Gary Brewer & The Kentucky Ramblers are nearly impossible to miss. Their customized multi-colored glitter suit jackets, dark-shaded sunglasses and towering heights make them stand out in any crowd. When they take the getup off, though, they’re just your typical outgoing, talkative and kind-hearted Kentucky natives.
After 42 years in the business, Brewer is just as amped up to make new music as he was the first day he sat down with a guitar. Last year, without a record label backing the band, Gary Brewer & The Kentucky Ramblers (a band that includes two of his sons—Gary “Wayne” Brewer Jr. and Mason Brewer—and other touring musicians) hit No. 1 on the Billboard Bluegrass Albums chart with their album 40th Anniversary Celebration.
“The chart manager at Billboard said he’d never seen a top No. 1 Billboard album for a 40th anniversary celebration,” Wayne says.
Sitting on a couch, relaxing and sipping bottles of root beer before their Thursday, Sept. 15, performance at Bourbon & Beyond in Louisville, Kentucky, Brewer and his two sons bantered in familial harmony. The family band embraces their roots in West Point, Kentucky, and East Tennessee by delivering their own version of bluegrass. Melding bluegrass with genres like old time mountain music, country and rock, the Brewers have created their own sound: Brewgrass.
“It’s what sets us apart,” Gary says. “You won’t see many straightforward bluegrass bands wearing the attire we wear, having the bus that we have—it’s an upscale situation.”
But it’s not all about appearances. “We pride ourselves on entertaining people, instead of just being four or five guys standing up there singing in front of a microphone,” Gary continues. “If I see somebody in the audience playing on their phone, I’m not doing my job.”
Gary noted bands like KISS, who focus on giving fans a show—a visual experience on top of a listening experience—and how hard it is to do that while living on the road.
“A lot of people don’t understand that aspect of it until they can live it. Just imagine the production of a KISS show,” he says. “We’d actually love to collaborate with KISS. It would be the biggest thing ever. I can promise you that if you brought out a banjo at a KISS concert that people would go nuts.”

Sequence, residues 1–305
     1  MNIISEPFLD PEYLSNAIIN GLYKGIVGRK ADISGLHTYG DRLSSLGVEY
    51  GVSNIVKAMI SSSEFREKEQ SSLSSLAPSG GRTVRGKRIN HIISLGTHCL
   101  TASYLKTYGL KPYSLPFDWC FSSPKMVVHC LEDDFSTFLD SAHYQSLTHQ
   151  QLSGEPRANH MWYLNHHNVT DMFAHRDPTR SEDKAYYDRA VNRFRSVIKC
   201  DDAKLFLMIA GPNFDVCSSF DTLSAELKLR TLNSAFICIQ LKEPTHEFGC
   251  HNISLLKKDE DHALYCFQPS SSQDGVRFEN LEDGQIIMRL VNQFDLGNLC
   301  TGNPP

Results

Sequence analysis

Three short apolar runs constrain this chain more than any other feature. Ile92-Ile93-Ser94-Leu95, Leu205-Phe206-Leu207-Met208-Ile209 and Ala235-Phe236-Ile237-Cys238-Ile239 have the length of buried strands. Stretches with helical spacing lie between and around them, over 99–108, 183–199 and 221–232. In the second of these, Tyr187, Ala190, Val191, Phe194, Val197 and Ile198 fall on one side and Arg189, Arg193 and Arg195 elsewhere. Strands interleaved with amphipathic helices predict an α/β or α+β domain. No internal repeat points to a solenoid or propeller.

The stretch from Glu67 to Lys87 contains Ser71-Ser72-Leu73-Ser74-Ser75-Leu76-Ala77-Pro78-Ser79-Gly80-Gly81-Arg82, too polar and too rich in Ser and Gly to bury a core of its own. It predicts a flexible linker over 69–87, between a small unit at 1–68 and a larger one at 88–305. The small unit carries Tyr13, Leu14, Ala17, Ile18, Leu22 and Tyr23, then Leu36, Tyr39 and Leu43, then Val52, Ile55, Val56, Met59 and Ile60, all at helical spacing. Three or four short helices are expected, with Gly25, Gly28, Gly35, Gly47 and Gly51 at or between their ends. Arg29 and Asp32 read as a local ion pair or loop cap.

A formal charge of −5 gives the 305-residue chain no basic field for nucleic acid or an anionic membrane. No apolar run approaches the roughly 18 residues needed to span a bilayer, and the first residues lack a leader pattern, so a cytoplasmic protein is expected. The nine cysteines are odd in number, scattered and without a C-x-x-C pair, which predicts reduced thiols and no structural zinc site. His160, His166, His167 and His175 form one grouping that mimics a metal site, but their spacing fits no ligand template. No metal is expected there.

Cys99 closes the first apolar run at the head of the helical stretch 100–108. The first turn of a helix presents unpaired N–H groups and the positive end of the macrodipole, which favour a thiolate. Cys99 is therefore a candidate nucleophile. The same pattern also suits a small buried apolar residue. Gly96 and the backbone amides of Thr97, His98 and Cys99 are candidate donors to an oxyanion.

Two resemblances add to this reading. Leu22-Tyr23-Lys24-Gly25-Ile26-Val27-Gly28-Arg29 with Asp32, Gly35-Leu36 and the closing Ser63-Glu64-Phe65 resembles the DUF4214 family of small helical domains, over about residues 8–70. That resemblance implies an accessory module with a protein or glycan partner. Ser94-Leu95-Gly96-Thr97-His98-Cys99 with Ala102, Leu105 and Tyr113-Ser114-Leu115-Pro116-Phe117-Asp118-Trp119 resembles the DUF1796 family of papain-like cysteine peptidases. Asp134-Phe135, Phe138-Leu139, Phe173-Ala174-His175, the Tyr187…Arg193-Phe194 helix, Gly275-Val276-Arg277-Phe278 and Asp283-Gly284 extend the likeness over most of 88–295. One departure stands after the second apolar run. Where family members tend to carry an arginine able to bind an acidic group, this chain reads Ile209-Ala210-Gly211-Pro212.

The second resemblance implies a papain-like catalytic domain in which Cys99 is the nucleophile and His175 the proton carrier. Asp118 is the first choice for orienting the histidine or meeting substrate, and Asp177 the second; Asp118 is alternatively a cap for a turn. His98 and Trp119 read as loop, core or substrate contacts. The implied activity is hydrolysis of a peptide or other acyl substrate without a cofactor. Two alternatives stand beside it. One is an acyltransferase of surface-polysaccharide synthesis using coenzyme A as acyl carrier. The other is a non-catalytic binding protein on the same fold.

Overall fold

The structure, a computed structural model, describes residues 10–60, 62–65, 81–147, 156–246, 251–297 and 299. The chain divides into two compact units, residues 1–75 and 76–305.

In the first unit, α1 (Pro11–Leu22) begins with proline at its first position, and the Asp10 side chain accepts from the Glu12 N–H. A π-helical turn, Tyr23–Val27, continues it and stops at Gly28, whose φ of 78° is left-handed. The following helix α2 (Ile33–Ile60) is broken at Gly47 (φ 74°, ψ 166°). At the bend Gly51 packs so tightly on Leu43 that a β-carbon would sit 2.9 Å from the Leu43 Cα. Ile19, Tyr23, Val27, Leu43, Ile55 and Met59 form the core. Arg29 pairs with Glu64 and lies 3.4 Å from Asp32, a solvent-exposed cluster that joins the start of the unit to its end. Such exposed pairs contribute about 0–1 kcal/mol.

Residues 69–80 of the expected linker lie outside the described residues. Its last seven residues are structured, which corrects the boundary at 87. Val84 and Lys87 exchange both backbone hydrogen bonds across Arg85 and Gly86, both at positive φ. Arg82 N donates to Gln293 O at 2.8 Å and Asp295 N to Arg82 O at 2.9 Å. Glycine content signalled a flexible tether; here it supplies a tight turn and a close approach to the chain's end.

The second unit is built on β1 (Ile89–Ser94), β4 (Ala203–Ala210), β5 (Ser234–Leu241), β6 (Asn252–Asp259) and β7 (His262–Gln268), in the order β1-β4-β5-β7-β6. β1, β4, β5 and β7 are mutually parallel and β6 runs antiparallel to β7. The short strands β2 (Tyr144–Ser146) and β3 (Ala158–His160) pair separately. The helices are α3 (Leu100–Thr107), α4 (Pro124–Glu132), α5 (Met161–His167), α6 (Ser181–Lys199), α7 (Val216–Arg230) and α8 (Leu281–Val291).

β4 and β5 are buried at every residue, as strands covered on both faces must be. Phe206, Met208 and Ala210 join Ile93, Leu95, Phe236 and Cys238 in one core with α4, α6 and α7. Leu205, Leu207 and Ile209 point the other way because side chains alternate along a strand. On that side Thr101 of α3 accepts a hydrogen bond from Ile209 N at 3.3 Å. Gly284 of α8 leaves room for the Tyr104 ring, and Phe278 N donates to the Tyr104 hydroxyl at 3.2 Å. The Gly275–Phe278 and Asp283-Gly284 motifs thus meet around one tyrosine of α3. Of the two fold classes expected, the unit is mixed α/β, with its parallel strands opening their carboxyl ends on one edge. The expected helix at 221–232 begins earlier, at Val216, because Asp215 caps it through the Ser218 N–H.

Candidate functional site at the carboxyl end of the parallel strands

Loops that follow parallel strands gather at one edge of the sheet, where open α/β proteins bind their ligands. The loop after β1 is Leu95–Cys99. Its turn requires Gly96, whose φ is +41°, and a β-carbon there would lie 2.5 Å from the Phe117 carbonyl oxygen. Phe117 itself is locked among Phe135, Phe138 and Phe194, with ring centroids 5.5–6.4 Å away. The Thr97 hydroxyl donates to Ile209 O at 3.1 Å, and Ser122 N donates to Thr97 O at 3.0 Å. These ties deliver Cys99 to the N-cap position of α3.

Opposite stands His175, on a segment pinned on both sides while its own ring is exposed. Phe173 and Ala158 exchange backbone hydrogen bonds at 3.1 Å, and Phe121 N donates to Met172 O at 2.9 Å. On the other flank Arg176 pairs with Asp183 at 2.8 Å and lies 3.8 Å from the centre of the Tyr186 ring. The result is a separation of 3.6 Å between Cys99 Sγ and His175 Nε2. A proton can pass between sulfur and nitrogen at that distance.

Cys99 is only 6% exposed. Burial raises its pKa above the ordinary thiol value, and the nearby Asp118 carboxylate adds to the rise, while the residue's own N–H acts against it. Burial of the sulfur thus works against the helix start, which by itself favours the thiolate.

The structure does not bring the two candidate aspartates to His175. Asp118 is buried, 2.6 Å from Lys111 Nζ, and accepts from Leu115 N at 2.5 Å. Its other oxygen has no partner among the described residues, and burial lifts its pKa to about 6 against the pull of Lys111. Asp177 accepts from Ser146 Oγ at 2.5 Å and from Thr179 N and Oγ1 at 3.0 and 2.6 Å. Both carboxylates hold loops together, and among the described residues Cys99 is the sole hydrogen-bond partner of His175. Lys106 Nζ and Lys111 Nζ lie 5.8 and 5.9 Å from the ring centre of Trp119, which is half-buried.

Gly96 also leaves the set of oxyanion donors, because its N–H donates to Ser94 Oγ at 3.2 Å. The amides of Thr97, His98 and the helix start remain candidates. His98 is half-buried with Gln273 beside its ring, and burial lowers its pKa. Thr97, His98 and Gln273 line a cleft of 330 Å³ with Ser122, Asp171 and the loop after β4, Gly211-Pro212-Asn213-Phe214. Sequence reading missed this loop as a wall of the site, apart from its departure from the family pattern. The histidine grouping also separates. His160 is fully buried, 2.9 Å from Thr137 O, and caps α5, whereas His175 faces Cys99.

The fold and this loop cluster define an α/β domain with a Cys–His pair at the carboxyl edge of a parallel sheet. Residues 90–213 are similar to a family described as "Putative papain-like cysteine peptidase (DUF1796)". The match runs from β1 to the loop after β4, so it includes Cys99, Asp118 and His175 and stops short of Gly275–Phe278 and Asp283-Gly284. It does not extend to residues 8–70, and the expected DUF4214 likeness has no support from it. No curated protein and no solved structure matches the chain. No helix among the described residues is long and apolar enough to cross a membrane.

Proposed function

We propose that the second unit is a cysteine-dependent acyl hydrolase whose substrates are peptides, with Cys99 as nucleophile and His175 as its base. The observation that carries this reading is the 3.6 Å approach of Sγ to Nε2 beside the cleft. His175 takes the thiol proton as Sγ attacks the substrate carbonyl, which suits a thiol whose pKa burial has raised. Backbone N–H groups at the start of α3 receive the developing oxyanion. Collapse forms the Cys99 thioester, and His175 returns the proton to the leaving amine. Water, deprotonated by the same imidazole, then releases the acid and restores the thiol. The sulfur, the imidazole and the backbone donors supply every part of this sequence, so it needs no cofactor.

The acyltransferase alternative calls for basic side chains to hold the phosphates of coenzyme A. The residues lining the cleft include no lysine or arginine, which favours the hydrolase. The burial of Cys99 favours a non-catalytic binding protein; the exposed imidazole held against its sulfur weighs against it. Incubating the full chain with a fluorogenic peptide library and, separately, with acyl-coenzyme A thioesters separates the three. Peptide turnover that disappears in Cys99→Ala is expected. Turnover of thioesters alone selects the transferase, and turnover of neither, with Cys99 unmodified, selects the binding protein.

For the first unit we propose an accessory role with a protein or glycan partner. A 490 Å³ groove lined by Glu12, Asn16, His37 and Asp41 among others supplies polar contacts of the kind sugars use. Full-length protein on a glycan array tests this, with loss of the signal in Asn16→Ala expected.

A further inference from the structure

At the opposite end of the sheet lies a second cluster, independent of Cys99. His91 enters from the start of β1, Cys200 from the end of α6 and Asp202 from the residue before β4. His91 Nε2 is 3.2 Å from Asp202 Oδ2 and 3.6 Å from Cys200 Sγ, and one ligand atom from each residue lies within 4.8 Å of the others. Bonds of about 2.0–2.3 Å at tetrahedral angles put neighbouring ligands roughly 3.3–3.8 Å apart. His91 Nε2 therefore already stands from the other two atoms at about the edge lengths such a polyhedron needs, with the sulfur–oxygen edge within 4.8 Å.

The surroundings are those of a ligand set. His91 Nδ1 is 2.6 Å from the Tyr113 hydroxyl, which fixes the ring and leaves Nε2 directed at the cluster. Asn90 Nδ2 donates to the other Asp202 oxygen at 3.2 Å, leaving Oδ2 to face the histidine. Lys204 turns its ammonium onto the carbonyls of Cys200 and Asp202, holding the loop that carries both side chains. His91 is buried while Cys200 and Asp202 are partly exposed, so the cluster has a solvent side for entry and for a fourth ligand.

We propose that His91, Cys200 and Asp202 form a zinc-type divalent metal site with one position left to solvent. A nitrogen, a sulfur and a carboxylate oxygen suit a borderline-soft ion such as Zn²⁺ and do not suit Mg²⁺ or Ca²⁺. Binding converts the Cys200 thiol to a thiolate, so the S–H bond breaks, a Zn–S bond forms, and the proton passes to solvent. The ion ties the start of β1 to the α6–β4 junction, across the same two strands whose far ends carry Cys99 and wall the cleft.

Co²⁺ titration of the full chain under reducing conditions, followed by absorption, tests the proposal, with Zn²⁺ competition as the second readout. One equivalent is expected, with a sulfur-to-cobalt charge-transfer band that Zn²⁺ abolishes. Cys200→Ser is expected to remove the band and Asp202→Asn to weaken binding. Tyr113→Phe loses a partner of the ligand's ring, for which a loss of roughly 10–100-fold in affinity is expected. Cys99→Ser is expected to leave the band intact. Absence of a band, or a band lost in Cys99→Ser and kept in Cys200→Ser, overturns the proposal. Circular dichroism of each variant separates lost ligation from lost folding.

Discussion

The Brewers noted how much the industry has changed over the years, and how Gary has remained true to recording his music live and in one take. Gary says he plays, sings and does the solos all at once.
“All the pressure is on me,” he notes. “If anybody else messes up, they can re-record. But I can’t. I get more feeling that way. And I’m not much into doctoring the recording, sound-wise. In other words, what you hear is what you get. And I think there’s a lot to be said about that.”
The band’s latest single, Pass Along The Good, was born out of one of those natural moments. The Brewers host a free music festival in Shepherdsville, Kentucky, called Shin-Dig in the Park, where Jim Lauderdale played last fall. “We were in the bus just randomly talking about how different the [music industry is today], and Jim said, ‘You know, there’s enough bad in the world. You gotta just pass along the good occasionally,’” Wayne says.
Gary instantly knew it’d make a good song, and they met the next day—the rest of the song was written and recorded in one day, aside from The Kentucky Ramblers’ layers.
The Brewers have been impressed by the success of independent artists in Americana and are following the same path now. For them, it’s a family matter, and they wouldn’t do anything else—because they whole-heartedly enjoy it. When they’re not touring as a family, with their significant others also going along for the ride, they’re writing and recording together on their farm. All of their families live on the same property.
“It’s just a zoo,” Gary says sarcastically with a wink. “We’re all together all the time, so we often agree to disagree. But we all get along great. We have good chemistry and love each other, and I think that’s something that sets us apart from a lot of other bands.”
Start with the band’s latest single, Pass Along The Good. It’s a soft, uplifting tune and an easy listen.
Pay attention to the flow of the song. To listen to is feels as though you’re lying in the grass on a nice, breezy day without a care in the world.
Kendall Polidori is The Rockhound, Luckbox’s resident rock critic. Follow her reviews on Instagram and Twitter @rockhoundlb.